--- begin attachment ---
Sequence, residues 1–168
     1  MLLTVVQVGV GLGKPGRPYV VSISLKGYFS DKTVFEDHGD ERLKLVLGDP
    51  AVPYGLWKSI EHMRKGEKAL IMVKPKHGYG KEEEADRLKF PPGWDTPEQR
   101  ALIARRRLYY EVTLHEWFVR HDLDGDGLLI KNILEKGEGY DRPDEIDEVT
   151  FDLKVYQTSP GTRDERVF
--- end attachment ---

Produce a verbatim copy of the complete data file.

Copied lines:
Sequence, residues 1–168
     1  MLLTVVQVGV GLGKPGRPYV VSISLKGYFS DKTVFEDHGD ERLKLVLGDP
    51  AVPYGLWKSI EHMRKGEKAL IMVKPKHGYG KEEEADRLKF PPGWDTPEQR
   101  ALIARRRLYY EVTLHEWFVR HDLDGDGLLI KNILEKGEGY DRPDEIDEVT
   151  FDLKVYQTSP GTRDERVF